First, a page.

I swear I’ve seen The Threepenny Opera before, but I’m beginning to think either it was very, very long ago (a student production when I was in college?) or perhaps a film? Was it just tapes of the music? Or perhaps … was the National’s reimagining of this show so original that it just blew all of my memories away? It’s so difficult to say. I mean, everyone knows Mack the Knife(er – Captain Macheath – Rory Kinnear) is a murderer … but do I remember him as being so hopelessly weak around the ladies? Did he also sleep with men? Was Mr Peachum (Nick Holder) as corrupt as all that? The only thing I was certain was absolutely, positively NOT in the original was the newly tarted up Polly Peachum (Rosalie Craig), who was more of a gangster’s moll than an innocent led astray by love. And of course I’ve never seen the cast be such a variety of races and even disabilities – assuming Jamie Beddard as Matthias “the Shadow” is actually really handicapped and not just playing “a bloke in a wheelchair with a speech impediment,” which would be just too incredibly distasteful for the National to contemplate and which caused a friend of mine to leave the theater in outrage, believing him a stereotype rather than an example of incredible casting. I found it all perfect, and well suited to a show set in London’s East End. So perhaps there really have been huge changes to the script. Rather than comparing it to what’s gone before, I’m going to treat this show like it’s all brand new, because, really, I felt it was a whole new ball game, and that’s how I’m going to write about it.

So. It’s London, and it’s time for a big celebration – the Silver Jubilee? The Golden Jubilee? Who knows. It seems to be today, a time when British soldiers are back from Afghanistan (including Macheath and Chief Inspector Brown – Peter de Jersey) – but simultaneously an older London, where criminals and prostitutes have their “patch” and beware those who cross it – most of all anyone else trying to earn a living begging or stealing on the streets. The evil Mr Peachum runs a gang of beggars which seems, all things considered, to be quite copacetic with the police, because each is as corrupt as the other. Peachum seems to be a man of no morals – he’s unconcerned who his wife Celia (Haydn Gwynne) has sex with – and he celebrates violence. But for some reason he is outraged that Macheath has married his daughter Polly. Possibly he was planning on keeping her around to sell for sex – it’s all a little unclear – or perhaps Mac is just his enemy from past deeds. Polly runs home from her nuptial deflowering, grabs some clothes, and is off again, and the plot is set in motion: Peachum wants to catch and kill Mackie. Songs ensue.

The set for this show is stripped back, with the walls of the theater exposed and the various elements (staircases, platforms, etc) done very bare-bones, with the occasional burst of excitement from, say, an extremely realistic car, a sparkling hoop of a cartoony moon (best decorated with George Ikediashi standing on it and singing), or a giant British flag that’s about the size of the entire Lyttleton. The characters, however, are dressed richly, with extravagant hair, makeup, and costumes helping to bring all of the principals (and secondaries) to life. This is the kind of theater where we are being forced to use our imagination, and with that little help a rich, seedy world comes brilliantly to light.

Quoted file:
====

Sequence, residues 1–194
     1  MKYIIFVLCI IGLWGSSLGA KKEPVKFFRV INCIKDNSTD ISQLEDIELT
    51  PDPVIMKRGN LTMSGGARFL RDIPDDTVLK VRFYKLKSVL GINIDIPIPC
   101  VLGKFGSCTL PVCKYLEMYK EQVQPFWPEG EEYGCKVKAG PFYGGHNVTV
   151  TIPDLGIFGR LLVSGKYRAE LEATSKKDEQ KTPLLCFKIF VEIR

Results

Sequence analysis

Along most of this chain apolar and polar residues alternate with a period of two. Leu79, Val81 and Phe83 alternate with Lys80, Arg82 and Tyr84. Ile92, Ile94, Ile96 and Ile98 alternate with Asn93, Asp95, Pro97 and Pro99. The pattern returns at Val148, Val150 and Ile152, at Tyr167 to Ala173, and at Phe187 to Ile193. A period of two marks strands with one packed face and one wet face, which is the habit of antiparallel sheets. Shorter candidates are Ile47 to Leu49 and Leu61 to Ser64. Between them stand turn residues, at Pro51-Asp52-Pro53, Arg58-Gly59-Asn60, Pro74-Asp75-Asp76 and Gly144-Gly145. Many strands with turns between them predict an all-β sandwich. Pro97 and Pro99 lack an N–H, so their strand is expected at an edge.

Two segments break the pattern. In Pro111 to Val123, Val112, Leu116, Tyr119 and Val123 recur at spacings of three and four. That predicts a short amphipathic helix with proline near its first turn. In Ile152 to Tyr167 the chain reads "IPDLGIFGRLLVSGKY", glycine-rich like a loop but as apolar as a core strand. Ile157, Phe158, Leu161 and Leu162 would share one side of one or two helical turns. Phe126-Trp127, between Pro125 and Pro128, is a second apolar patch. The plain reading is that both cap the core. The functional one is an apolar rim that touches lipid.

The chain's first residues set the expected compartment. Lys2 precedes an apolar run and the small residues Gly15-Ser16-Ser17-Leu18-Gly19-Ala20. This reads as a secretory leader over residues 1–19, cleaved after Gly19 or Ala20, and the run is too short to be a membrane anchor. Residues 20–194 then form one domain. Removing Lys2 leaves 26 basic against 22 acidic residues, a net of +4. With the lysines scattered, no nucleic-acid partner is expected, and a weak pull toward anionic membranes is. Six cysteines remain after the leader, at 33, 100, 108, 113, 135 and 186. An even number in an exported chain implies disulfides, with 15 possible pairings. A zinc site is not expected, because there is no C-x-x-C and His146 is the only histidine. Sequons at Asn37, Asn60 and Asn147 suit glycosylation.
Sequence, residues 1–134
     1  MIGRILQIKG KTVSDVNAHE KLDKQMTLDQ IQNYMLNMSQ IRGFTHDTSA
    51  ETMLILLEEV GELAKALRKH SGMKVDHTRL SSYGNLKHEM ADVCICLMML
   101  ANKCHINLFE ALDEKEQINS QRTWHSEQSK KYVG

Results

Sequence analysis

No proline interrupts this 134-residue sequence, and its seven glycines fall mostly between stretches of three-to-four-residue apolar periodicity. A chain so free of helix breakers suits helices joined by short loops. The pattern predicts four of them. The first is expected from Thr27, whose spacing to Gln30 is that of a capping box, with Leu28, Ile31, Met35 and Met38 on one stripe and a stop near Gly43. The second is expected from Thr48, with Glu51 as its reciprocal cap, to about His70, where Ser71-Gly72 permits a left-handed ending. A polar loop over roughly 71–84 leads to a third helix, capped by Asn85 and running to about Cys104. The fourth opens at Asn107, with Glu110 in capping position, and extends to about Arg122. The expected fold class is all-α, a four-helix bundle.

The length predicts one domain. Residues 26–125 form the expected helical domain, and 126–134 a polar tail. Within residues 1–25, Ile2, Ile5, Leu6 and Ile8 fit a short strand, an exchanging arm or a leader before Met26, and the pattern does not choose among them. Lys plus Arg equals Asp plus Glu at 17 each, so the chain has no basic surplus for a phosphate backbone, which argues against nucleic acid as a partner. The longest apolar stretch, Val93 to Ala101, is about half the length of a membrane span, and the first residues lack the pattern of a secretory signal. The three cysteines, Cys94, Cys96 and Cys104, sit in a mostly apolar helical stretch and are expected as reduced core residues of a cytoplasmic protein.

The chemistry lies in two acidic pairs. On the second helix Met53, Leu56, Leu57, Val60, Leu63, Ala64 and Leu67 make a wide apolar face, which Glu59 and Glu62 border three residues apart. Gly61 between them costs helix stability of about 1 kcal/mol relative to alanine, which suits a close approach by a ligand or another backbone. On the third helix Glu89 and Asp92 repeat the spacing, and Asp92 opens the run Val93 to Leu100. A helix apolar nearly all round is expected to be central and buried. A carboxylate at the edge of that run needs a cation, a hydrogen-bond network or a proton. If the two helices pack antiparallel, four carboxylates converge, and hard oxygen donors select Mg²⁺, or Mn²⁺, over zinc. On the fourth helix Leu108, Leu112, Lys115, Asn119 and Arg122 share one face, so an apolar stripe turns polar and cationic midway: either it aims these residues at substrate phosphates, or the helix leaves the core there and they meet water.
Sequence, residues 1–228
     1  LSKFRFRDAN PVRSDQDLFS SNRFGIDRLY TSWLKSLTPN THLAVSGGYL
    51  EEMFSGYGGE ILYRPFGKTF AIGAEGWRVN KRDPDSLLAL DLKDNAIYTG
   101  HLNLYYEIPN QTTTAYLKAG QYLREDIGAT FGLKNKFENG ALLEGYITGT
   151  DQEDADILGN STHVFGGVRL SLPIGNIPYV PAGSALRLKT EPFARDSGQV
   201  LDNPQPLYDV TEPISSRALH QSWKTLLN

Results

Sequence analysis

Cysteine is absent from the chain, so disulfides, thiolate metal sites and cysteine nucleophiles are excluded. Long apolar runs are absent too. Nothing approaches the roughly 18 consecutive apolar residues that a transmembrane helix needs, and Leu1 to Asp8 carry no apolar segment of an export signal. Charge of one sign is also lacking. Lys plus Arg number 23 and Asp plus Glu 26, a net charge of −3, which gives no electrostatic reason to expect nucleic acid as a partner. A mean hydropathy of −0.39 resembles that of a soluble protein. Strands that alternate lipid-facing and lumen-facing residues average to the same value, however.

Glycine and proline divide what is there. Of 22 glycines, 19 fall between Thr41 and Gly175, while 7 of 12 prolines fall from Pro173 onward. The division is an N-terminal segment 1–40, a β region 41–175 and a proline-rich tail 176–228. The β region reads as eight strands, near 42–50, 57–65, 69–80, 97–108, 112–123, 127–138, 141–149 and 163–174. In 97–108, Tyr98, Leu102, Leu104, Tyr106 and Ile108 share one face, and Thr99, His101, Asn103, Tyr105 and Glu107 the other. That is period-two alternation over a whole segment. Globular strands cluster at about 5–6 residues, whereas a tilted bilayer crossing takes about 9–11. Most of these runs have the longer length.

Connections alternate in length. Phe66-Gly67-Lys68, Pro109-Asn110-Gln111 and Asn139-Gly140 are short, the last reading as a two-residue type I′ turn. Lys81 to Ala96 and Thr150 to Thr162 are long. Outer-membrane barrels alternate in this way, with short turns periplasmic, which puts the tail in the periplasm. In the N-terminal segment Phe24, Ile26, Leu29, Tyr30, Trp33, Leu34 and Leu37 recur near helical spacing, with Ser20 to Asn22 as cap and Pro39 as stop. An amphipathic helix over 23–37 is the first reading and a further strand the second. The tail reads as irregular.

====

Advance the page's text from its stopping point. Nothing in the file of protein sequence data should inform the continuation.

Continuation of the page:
Yet somehow the combination of music, story, and setting didn’t gel for me. I didn’t feel anything for anyone on stage. They seemed like cartoon characters, as unrealistic and formless as Marvel superheroes but without the outrageous back stories. And I found that without sympathy, there was no tragedy, merely a tale of several lives gone bad, done to music. Is it because I was watching a preview? Or perhaps that was all the effect that the show sought? Either way, it was a dissatisfying evening, with some musical highlights and a few coup du theatre but nothing that really grabbed me. I was in the back row, though, so perhaps it was just too hard to get to me. Still, it seemed like a good production of this show, and if you’re paying more than £15, you may find you get a more intense experience.

(This review was for a performance that took place on Thursday, May 19, 2016. It runs for a while.)

Review – The Local Stigmatic – Melies Productions at the Old Red Lion

May 16, 2016 by

I was intrigued by the invitation to see a play described as a “sinister, disturbing study of psychosis, fame, obsession and envy. Darkly comical at times, it reveals society’s fascination with ‘celebrity’ and the resentment it can provoke.” This is an ongoing problem in our society, where there are more celebrities than ever thanks to reality TV and social media. I mean, who had heard of a “fashion Vlogger” ten years ago? Or “noted pundits” without a newspaper column to their name? The Local Stigmatic seemed to offer a prescient look at issues I wouldn’t have thought existed fifty years ago … so off I went to the Old Red Lion to catch this show in person.

So: Soho, mid 60s, before the summer of love. It seems to be the tail end of the Mod culture. Graham (Wilson James) and Ray (William Frazer) share an apartment (with posters of bands and celebrities on the walls). Graham is obsessed with dog racing; as he talks to Ray, he begins to sound like he’s actually teetering on the edge of violent insanity. Why would Ray want to live with this nutjob? When they agree to go out for drinks, I fear that Ray is going to have Graham turn and beat the living daylights out of him.